Any resemblance between this book and Fernand Braudel's magisterial two-volume The Mediterranean and the Mediterranean World in the Age of Philip II , first published in French in 1949, is both deliberate and accidental. Any history on a Mediterranean-wide scale invites comparison.
Peregrine Horden and Nicholas Purcell - a medievalist and an ancient historian - take as their starting point the paradox that Braudel "had proclaimed the enduring unity and distinctiveness of his subject; but he had mostly confined his supporting evidence to what he thought of as the facts of geography and to 16th-century documents".
The authors' project is to explore the unity of the Mediterranean as an object of historical inquiry prior to Braudel's 16th century, broadly speaking from antiquity to the Middle Ages. They also seek to justify intellectually a history of, rather than specific economic, social, political or religious histories in the Mediterranean. This much they have in common with Braudel: the idea of the Mediterranean as a valid object of study, a well-conceived unity.
Horden and Purcell reveal that Braudel produced a monograph (as yet unpublished) on the prehistoric and ancient Mediterranean. This might seem to pre-empt their efforts, but they do not aspire to a Braudelian examination, and here is where any resemblance to The Mediterranean becomes entirely accidental. In part one of the book, "Frogs round a pond: ideas of the Mediterranean", the authors chart notions of the Mediterranean as a unity from geographical (chapter one) and historical (chapter two) points of view. They distinguish between two prominent models: an "interactionist" one, in which the sea links geographically dispersed social groups, and an "ecologising" one that emphasises the broad geographical and environmental similarities of the circum-Mediterranean lands. They identify various "Mediterraneans" - one of the imagination, particularly associated with the Roman Empire at its peak, also "Romantic" and "scholarly" Mediterraneans, chiefly products of northern European intellectuals and travellers.
More specifically, under the subtitle "Four men in a boat", they evaluate four major 20th-century figures in the historical study of the Mediterranean: Mikhail Rostovtzeff, Henri Pirenne, S. D. Goitein and Braudel himself. Braudel's study has been the most influential. He applied (to the 16th-century Mediterranean of Philip II) the three scales of analysis now familiar within the annaliste school of history. These are the longue durée , a "geohistory" dominated by the environment and enduring human practices; conjonctures , medium-term human activities with a duration of up to 50 years; and l'histoire des événements , "traditional" history of people and events.
In the authors' view, Braudel's work offered a culmination, not a starting point: "To the interactionist vision it adds an ecologising perspective. To the tradition of Romantic evocation it lends the analytical weight of a social science. And these come together in the ultimately Romantic project of an all-inclusive chef d'oeuvre , in which an entire world is subordinate to its creator-historian."
Braudel's work, despite its influence, has not been without criticism, particularly inviting the charge of environmental determinism because of the primacy of the longue durée . It is chiefly against this notion that Horden and Purcell have chosen to work, weaving a tapestry comprising many strands of evidence - historical, archaeological, geographical, ecological, anthropological - rarely combined in a single work. For them, the environment facilitates, rather than determines. In part two, "'Short distances and definite places': Mediterranean micro-ecologies", they set up the key approaches adopted. First, by examining four "definite" places - the Biqa valley, southern Etruria, Cyrenaica and the island of Melos - the authors draw out a notion of the Mediterranean as comprising an almost infinite number of tiny regions, or "micro-ecologies".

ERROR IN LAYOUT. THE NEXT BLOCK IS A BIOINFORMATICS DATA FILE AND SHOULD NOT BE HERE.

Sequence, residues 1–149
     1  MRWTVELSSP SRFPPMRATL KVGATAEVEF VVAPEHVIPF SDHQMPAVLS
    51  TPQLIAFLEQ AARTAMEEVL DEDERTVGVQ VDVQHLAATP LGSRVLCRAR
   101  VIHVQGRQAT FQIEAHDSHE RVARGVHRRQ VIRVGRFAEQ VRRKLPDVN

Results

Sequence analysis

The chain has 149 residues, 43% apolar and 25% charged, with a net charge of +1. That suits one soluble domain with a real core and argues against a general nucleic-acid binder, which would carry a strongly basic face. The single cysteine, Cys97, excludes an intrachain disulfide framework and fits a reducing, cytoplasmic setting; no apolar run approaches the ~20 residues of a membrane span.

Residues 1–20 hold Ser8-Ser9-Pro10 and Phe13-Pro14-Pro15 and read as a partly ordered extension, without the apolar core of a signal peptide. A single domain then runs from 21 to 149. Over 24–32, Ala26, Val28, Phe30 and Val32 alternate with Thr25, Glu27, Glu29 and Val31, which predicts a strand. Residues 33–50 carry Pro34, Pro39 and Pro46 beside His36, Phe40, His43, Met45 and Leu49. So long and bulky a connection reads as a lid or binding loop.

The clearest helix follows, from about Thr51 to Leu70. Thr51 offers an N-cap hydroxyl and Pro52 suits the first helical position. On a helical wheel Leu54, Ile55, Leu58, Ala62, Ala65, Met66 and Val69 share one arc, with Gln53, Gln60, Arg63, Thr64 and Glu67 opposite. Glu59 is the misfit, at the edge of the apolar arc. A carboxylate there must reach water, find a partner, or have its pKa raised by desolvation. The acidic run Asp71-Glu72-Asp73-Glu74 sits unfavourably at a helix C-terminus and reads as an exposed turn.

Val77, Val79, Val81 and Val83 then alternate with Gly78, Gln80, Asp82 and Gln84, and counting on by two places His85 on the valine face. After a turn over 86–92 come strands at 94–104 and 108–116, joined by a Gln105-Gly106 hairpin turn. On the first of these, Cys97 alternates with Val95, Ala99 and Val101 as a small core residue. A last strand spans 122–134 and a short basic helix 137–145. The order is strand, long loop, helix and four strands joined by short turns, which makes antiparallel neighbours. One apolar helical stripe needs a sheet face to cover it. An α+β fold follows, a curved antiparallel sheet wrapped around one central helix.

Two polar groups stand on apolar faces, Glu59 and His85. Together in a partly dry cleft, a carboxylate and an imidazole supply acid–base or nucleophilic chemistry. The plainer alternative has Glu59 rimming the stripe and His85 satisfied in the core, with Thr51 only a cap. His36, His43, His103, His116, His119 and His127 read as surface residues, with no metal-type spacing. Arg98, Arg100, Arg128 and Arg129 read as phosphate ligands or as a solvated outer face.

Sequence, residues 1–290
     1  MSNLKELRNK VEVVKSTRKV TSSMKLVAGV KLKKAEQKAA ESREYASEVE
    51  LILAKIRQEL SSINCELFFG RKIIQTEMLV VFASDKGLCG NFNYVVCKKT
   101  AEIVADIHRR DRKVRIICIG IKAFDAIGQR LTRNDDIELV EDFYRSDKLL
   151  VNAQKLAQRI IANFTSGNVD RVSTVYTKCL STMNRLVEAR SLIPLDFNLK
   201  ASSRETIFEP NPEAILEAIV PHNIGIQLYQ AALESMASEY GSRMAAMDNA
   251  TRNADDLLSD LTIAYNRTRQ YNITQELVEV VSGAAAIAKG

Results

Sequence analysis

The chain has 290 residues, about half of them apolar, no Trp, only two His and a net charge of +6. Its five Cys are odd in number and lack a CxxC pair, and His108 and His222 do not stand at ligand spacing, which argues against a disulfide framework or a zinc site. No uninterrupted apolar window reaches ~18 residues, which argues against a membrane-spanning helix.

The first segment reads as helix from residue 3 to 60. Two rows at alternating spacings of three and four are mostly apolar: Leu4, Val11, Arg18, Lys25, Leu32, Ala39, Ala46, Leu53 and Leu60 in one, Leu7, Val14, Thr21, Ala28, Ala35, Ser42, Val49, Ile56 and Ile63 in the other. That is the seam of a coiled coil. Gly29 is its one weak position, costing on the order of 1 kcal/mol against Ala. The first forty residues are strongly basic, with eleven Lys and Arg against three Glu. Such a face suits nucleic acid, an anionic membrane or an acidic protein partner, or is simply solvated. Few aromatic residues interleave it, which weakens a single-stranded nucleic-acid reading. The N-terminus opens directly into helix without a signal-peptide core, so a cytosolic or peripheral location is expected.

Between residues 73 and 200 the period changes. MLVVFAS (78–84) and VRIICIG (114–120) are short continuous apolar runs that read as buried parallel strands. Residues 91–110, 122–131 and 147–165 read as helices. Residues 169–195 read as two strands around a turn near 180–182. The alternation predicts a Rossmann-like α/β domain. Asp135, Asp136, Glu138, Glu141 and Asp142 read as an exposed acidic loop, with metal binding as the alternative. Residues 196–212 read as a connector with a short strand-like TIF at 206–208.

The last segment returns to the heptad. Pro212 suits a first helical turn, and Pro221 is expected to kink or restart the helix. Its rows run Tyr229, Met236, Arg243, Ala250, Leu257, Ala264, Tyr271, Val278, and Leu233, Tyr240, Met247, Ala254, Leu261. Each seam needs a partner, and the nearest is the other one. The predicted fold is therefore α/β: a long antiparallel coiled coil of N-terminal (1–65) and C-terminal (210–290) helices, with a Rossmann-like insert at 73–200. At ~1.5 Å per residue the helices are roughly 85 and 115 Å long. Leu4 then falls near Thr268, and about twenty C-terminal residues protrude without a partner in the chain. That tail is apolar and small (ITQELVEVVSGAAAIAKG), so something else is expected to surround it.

Even within the relatively constrained "definite places" selected, there are micro-ecological subdivisions, while the larger regions themselves relate to other ecologies, and so on. This notion of "micro-ecologies" is further developed in chapter four, where the phenomenon of urbanism is dismissed as almost indefinable and therefore irrelevant - one of many "givens" of Mediterranean history so treated in the book. For Horden and Purcell, "a town is an address, an arena, an architectonic agglomeration: distinctive - sometimes - for the volume and density of its buildingsI but notI for the way in which its micro-regions work". Complementary to the notion of micro-ecologies is the idea of "connectivity" (chapter five), a term for the ways in which Mediterranean regions are linked at many different scales, as they have been continuously since the second millennium BC, allowing them to coalesce or fragment in a constellation of constantly shifting groupings.
Unlike Braudel's top-down scheme involving qualitatively different scales of analysis, the authors' models of micro-ecologies and connectivity build from the bottom up and work at any scale, geographical or temporal. In part three, "Revolution and catastrophe", the longest section of the book, the authors deploy these models in a revisionist examination of the traditional big issues in Mediterranean history. Chapter six, on the "imperatives of survival" - diversification, storage and redistribution - outlines a unified view of agriculture, integrating the productivity of marginal areas with the practices of pastoralism, agriculture and tree-cropping. Micro-ecology and connectivity are vital ingredients here: variability between micro-regions is evened out by redistribution between them.